This paper examines the evolution of exchange rate arrangements in East Asia's emerging market economies over the last 10 years. It considers both "official" and "observed" exchange rate arrangements in these economies from an international comparative perspective. By focusing on the roles of the dollar, the yen, and the euro as anchor currencies for exchange rate stabilization, the paper claims that the dollar played a dominant role as a de jure or de facto anchor for emerging East Asia until the 1997-98 currency crisis. During the crisis, the dollar's dominance naturally declined in affected East Asia as a result of a general shift to more flexible exchange rate arrangements. In the post-crisis period, the dollar has regained prominence in some countries (notably in Malaysia), while its dominance has been reduced and exchange rate flexibility has risen in others (notably in Indonesia). Interesting is the observation that Korea and Thailand appear to have shifted to a de facto currency basket arrangement with significant weights on the dollar and the yen, similar to Singapore's managed floating arrangement. This paper also considers what may be a desirable currency system for the region. Given the high volatility of yen/dollar exchange rates and partner diversity of trade and foreign direct investment (FDI) relationships, it claims that the emerging East Asian economies would be better off stabilizing their currencies to a balanced currency basket in which the dollar, the yen, and the euro play equally important roles. For intra-regional exchange rate stability, greater coordination on the currency basket policy would be desirable, and this needs to be supported by regional policy dialogue and financing mechanisms.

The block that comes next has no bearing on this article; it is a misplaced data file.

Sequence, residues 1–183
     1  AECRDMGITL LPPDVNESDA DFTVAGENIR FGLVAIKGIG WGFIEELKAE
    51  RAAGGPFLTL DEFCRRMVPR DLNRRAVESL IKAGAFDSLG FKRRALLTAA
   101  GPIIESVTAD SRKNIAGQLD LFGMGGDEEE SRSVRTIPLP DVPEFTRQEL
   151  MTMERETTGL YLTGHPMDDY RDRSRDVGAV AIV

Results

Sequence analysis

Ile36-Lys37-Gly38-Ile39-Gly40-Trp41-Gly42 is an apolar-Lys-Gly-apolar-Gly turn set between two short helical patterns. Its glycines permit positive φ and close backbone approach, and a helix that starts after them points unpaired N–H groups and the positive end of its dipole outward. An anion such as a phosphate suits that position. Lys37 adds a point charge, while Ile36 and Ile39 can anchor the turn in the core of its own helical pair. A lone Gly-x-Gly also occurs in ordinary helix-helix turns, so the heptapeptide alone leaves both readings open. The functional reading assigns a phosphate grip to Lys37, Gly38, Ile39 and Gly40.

Keywords: East Asian currency crisis; Exchange rate arrangements; Two-corner solution approach; Fear of floating; Currency basket system
Views expressed in the paper are those of the authors and do not necessarily reflect those of the Bank of Japan or Institute for Monetary and Economic Studies.